(Of course, in those days there were much better grants. If I'd been dependent on my parents, I'd never have been able to do it. So as well as you being proud of your son, he can be proud of you.)

Blunt Bloke said...

We have a graduate scheme on the Underground that leaves me frustrated.

I deal with the fresh faced new comers on a regular basis as a live learner (a Station Supervisor who passes on our working nature to trainees to help them see what the job entails) and by the end of the day I feel very exasperated because I know that these kids with absolutely no railway experience (I was once told by a graduate he has a degree in marine biology) and very little common sense are going to one day be my boss.

Anonymous said...

I'm glad that someone has finally had the courage to expouse the shame of the 'most go to university'
mindset promoted by Government and the Education establishment.

University is not suitable for everyone; it's supposed to be about acedemic excellence i.e Doctors, Engineers, Chemists, et al.

What we should be doing is saying to kids look at your opptions, what are your strengths. If you want to be a vet you go to university, if you're good with your hands go on an apprenticeship and learn to be a plumber.

Sending boat loads of kids to do degrees in 'American Studies' and 'Music Journalism' does nothing but waste saddle them with thousand of pounds worth of debt.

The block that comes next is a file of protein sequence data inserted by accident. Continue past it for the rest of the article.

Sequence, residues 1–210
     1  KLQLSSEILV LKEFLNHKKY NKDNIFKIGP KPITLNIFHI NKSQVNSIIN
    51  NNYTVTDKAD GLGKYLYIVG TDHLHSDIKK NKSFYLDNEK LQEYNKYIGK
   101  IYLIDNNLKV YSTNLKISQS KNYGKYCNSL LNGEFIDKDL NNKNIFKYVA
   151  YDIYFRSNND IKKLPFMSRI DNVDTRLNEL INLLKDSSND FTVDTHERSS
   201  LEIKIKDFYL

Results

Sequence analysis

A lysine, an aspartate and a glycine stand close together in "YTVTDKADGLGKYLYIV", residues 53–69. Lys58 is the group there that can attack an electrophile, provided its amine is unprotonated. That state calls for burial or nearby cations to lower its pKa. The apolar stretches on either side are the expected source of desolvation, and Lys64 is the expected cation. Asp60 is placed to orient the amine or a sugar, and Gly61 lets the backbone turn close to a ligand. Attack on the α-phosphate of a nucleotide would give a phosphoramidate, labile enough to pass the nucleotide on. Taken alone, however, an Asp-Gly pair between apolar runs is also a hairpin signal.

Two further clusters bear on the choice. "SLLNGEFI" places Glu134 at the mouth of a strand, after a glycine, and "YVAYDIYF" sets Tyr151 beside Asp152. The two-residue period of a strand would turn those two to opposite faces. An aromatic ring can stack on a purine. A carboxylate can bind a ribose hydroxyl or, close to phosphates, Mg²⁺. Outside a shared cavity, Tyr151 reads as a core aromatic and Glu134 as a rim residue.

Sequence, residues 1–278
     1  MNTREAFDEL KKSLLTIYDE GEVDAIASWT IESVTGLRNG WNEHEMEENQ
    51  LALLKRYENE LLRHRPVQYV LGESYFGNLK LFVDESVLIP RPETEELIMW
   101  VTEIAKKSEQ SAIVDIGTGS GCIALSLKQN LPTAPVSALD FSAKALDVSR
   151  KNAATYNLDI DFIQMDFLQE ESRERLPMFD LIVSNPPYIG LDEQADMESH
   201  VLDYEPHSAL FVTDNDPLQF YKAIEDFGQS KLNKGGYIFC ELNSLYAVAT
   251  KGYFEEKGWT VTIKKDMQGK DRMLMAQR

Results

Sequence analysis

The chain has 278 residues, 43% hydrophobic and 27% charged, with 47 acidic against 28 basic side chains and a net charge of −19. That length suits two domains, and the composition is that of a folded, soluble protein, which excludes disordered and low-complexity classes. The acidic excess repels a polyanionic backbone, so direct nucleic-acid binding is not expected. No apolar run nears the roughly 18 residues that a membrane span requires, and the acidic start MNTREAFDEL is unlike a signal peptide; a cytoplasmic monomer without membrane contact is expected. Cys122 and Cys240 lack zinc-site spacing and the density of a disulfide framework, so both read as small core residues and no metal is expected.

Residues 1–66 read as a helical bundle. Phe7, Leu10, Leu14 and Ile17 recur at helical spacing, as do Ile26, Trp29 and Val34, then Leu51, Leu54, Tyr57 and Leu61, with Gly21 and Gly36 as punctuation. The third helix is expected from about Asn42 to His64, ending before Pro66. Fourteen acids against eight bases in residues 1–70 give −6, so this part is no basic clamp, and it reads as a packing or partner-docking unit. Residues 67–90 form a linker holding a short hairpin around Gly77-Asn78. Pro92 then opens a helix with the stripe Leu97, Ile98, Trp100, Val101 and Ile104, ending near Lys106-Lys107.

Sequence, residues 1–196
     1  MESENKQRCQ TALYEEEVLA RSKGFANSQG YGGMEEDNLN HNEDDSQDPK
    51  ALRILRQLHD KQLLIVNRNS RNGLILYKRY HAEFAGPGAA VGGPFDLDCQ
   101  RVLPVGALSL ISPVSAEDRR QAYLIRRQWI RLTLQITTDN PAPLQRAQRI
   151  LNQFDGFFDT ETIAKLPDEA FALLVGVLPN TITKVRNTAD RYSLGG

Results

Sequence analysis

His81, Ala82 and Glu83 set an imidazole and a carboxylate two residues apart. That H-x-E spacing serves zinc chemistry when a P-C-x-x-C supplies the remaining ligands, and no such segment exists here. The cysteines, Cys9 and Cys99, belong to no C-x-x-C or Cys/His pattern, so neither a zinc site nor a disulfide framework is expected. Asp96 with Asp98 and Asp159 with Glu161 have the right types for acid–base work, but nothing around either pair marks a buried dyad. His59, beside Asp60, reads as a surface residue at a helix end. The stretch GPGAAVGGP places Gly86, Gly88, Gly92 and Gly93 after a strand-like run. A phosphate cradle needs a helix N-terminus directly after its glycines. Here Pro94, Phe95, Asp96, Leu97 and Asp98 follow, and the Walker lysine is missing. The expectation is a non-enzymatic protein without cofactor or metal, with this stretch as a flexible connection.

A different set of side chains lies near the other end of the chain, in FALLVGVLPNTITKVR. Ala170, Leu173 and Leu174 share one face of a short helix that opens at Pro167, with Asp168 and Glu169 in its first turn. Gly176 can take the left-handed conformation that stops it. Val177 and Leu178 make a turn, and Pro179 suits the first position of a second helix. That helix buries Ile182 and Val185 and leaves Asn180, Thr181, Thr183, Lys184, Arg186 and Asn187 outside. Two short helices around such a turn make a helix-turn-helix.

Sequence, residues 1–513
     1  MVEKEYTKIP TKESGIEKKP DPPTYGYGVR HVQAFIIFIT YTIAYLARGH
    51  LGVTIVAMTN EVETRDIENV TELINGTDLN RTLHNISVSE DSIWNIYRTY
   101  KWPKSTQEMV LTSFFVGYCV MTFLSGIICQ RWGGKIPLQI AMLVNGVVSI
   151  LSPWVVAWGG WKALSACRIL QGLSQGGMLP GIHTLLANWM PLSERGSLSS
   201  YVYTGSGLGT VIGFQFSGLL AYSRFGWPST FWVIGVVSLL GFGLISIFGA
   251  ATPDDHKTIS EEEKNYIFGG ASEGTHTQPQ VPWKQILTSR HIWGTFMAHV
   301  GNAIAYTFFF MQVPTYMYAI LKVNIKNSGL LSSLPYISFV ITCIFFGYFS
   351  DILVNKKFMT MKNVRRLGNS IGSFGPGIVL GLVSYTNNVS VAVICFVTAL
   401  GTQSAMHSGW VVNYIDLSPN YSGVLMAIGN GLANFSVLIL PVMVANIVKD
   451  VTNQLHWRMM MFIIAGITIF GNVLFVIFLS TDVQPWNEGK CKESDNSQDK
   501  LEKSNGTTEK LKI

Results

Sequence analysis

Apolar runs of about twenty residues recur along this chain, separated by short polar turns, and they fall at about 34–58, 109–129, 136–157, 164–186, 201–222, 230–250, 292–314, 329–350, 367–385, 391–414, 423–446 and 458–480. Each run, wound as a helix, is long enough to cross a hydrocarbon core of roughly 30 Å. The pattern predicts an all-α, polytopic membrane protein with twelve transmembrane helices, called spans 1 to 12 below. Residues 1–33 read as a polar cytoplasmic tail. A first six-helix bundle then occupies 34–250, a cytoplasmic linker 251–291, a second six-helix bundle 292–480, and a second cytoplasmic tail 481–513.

There are no vocations or jobs at the end of these courses, and many find it hard to find employment at all.

If they're lucky they'll eventually find a reasonable clerical job in a bank or the public sector; something they could have done at 16 or 18.

Many end up in low paid jobs, because by 21 they have no job skills, or experiece and youngsters their own age or younger, who went stright into work, or took something useful at college beat them in the jobs market.

The whole system is based on liberal/socialist hangs-ups. "We must have more working class kids with degrees!"

All that matters is that no one is prevented from following their chosen career path on the grounds of class. As far at I know that only happens in the minds of class warriors with their warped view of the world.

The whole system is a sham and I'm afraid when my daughter reaches 18 if she wants to go to University she must take something vocational or at lest something that will teach her something useful 'Media Studies' will be a no no. I know that sounds harsh, but I know I'm doing her a favour!

Aoife303 said...

'Useless' subjects do involve a fair amount of work, and if nothing else provide the 'transferable skills' that we're always told the job market is looking for.

*shrug* This year it's hard, I know. Of my friends graduating last year and this year, many are working in the safe cafe, bar and shop jobs they had as students. But that is the problem of the job market, not that these are people who should never have gone to university.

Personally, I went to University for the love of learning, and for the experience, rather than whatever job opportunties it would give me.

If I were interested in the career enhancing properties of university, I'd not have turned down Cambridge (with 6 A-grade A-levels, I could have gone anywhere).

University is worth it to learn something in depth. Not as much depth as I would have liked, but perhaps that was my own fault for doing joint honours in two completely unrelated fields.

Anybody going for other reasons clearly hasn't thought it through properly. It was obvious to my peers and me that we could start a job at entry level at 18 and get to the same place we'd enter after three years of university in that time, but we wanted the experience of university, and the thrill of learning.